As we ponder the future of public lands in Montana, including what areas deserve protection as Wilderness, it is worthwhile to look back in history to see how past protective measures were viewed.

In 1872 with the establishment of Yellowstone National Park many Montana citizens were outraged. For example, the Helena Gazette opined: “We regard the passage of the act as a great blow to the prosperity of the towns of Bozeman and Virginia City.”

In 1910 the Kalispell Chamber of Commerce opposed the creation of Glacier National Park suggesting the park creation would waste trees that could otherwise be logged.

Upon the establishment of Grand Teton National Park in Wyoming, the local paper predicted that Jackson would soon be a “ghost town.” Has anyone been to Jackson lately? There are more than 16,000 “ghosts” living there.

I go through this litany of responses to protected landscapes to demonstrate how wrong the local perspective has always been about the economic impact of protecting lands.

Unfortunately, logging, mining, livestock grazing, and industrial tourist development has compromised much of Montana’s wild country. A modest amount of this was necessary to create communities.

However, we are way out of balance. Montana only has 3.4% ‎(3,443,038 acres) of its 94 million acre landscape protected as designated Wilderness under the 1964 Wilderness Act. California, by comparison, has 15% of its land area in designated wilderness. California, if it were a country, would have the 6th or 7th highest GPD of any nation. Obviously, wilderness designation hasn’t harmed the economy and indeed it may be one of the contributing factors that make California a desirable place for many people to live.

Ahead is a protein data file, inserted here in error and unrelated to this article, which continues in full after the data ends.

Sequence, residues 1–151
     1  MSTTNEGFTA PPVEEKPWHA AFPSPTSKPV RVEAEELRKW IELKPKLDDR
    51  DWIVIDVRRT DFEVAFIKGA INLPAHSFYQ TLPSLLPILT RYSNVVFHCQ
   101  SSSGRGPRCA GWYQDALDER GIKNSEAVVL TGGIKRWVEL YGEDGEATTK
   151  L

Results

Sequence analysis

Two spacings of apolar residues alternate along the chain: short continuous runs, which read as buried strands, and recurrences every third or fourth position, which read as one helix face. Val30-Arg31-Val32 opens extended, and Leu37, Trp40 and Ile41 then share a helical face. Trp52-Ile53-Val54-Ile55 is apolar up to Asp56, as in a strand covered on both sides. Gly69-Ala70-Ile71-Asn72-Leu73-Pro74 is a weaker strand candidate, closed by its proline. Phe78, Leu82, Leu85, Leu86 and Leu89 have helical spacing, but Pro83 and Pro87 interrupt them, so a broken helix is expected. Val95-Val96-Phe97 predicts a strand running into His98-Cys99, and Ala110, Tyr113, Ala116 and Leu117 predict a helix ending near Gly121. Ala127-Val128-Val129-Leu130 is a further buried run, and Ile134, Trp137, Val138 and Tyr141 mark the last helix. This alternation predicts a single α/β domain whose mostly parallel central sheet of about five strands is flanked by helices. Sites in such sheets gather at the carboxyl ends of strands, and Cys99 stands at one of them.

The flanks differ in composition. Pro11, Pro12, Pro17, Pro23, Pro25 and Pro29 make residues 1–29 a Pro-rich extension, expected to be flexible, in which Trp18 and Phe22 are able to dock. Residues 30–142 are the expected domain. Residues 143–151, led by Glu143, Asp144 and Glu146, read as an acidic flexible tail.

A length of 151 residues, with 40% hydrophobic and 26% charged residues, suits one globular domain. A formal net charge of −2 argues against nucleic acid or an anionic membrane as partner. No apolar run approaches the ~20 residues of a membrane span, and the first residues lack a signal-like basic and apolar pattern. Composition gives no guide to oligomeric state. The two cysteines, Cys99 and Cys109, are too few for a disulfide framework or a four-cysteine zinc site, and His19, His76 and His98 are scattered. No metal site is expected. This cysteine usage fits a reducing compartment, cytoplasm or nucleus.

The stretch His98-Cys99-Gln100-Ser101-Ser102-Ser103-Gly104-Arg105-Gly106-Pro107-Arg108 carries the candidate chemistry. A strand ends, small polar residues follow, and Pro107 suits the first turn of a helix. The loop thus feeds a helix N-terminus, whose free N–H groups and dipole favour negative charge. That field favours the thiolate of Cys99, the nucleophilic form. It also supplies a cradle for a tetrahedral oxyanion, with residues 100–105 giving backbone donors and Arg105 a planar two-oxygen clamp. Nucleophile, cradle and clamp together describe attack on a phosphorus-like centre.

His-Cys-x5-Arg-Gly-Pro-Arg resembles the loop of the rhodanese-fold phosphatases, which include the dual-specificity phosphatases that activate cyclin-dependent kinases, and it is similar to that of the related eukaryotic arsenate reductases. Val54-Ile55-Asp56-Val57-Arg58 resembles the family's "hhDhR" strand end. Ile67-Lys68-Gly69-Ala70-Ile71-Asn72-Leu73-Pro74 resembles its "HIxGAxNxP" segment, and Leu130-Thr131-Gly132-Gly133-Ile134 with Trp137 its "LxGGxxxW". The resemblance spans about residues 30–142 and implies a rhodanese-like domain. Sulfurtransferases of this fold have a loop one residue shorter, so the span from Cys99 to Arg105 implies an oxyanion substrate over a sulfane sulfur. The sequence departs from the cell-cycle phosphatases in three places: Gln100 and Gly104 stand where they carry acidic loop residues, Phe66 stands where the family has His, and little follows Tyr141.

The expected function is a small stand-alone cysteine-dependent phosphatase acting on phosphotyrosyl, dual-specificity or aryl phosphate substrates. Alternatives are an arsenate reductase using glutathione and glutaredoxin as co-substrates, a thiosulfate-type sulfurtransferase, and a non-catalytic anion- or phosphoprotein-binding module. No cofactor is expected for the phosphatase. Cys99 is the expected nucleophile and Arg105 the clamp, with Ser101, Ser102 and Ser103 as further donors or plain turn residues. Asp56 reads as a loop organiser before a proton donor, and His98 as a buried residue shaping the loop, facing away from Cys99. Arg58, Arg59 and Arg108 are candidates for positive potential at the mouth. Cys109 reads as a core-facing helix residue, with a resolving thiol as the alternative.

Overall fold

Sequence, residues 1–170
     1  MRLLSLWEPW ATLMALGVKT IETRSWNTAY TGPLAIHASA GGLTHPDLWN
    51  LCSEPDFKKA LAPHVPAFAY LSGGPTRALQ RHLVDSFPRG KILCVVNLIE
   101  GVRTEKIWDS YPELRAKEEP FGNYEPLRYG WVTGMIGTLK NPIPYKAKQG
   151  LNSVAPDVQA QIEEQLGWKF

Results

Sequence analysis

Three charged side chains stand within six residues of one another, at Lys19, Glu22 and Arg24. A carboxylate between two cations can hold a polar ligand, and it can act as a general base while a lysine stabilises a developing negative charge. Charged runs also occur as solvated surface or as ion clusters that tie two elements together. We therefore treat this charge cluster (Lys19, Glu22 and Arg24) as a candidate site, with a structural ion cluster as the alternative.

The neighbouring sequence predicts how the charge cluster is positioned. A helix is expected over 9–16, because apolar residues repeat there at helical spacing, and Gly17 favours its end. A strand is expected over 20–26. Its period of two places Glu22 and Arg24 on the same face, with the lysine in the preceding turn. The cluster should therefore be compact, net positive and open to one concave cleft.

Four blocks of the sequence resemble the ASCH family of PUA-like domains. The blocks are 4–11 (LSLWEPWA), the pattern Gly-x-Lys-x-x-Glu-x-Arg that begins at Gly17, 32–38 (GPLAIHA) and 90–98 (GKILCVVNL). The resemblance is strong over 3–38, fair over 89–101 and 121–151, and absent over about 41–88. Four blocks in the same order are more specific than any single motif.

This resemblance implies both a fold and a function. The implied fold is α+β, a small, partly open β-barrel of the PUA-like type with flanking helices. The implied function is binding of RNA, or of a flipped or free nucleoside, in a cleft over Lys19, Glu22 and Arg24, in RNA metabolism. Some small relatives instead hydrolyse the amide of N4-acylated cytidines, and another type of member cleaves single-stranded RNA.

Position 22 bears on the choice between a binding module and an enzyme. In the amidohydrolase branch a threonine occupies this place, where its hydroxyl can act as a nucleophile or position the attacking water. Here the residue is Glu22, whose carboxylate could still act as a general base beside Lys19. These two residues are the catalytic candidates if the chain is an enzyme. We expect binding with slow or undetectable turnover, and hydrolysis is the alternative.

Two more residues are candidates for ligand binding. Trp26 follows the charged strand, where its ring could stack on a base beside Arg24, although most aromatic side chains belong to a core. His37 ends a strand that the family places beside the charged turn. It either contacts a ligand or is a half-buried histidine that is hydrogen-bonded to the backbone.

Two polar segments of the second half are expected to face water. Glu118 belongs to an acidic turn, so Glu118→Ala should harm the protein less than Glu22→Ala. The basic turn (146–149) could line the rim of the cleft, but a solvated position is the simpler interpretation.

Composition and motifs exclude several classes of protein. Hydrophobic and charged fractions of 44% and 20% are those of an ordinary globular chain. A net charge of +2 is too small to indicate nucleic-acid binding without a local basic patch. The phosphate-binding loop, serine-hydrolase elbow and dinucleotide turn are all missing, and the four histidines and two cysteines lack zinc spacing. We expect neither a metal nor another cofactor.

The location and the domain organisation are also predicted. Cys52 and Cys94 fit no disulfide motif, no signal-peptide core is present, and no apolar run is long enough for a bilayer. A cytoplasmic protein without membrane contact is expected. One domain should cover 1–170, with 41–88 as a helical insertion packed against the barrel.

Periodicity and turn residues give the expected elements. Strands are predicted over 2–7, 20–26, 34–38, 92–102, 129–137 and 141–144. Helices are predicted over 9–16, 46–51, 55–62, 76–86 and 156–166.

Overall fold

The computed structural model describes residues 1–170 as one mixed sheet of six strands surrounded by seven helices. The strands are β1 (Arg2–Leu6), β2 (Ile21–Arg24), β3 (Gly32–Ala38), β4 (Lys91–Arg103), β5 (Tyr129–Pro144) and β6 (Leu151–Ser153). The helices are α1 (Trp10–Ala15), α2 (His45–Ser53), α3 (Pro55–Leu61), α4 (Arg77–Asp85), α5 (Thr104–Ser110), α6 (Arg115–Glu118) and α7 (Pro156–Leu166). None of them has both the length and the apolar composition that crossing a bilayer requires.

Despite all this historical evidence, we find many local politicians, including Senator Daines and Representative Gianforte as well as many in the Montana legislation advocating for eliminating protections for Forest Service and BLM Wilderness Study Areas as well as opening up more public lands for resource extraction by timber and oil and gas industries.

In a sense, the widespread opposition to protecting lands based on the presumption that it impedes economic prosperity is no different the wrong-headed opinion of the Helena Gazette about the creation of Yellowstone National Park back in 1871. In a 1948 speech before Parliament, Prime Minister Winston Churchhill warned: “Those who don’t know history are doomed to repeat it.” Are we going to repeat the same mistakes of the past with regards to our wildlands?

Think of what the editors of the Helena paper would say if they could read the findings of a new report from the National Park Service that showed visitors to Yellowstone Park generated $647.1 million in economic benefits to local communities. That figure, as large as it may be, does not come close to the real economic value of Yellowstone’s wildlands.

The above figure does not include the less tangible but real economic value of a large protected area in attracting footloose businesses and individuals. People vote with their feet and choose to live here to be near high-quality landscapes. Many people live in the Greater Yellowstone area who have no direct business connection to the tourist economy, but they pay taxes, employ people, and support communities in countless ways

If you were to incorporate the ecological benefits protected by the park and surrounding protected wilderness areas including values like clean water, carbon storage, wildlife habitat, scenic beauty, recreational opportunities, and the like, its value is easily in the billions of dollars.

As various agencies like the Custer Gallatin National Forest, as well as other forests and Bureau of Land Management agencies,  consider new management plans, in many cases they put resource extraction industries like timber and oil and gas ahead of the protection of wildlands.

For instance, the Lewistown BLM and Missoula BLM Districts recently abandoned recommending protection for tens of thousands of acres of WSAs under their jurisdiction and expanded the areas open to resource development.